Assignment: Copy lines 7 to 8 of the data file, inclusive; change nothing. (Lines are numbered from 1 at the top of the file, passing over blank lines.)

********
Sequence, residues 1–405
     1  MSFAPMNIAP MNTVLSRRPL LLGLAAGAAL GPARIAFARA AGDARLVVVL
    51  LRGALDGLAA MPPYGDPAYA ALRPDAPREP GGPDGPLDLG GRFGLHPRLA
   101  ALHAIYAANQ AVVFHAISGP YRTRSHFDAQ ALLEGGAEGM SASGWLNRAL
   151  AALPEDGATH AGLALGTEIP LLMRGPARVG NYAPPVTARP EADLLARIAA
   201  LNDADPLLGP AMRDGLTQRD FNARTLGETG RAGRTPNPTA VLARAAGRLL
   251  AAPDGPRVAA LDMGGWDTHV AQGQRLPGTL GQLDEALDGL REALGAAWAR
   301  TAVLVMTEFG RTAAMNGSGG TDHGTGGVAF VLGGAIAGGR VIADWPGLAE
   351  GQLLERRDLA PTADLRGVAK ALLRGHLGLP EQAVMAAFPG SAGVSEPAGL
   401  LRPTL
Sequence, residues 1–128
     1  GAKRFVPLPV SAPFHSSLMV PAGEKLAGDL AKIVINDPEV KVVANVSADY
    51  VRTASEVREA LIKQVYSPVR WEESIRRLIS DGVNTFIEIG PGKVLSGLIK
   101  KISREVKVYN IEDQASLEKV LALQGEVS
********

   251  AAPDGPRVAA LDMGGWDTHV AQGQRLPGTL GQLDEALDGL REALGAAWAR
   301  TAVLVMTEFG RTAAMNGSGG TDHGTGGVAF VLGGAIAGGR VIADWPGLAE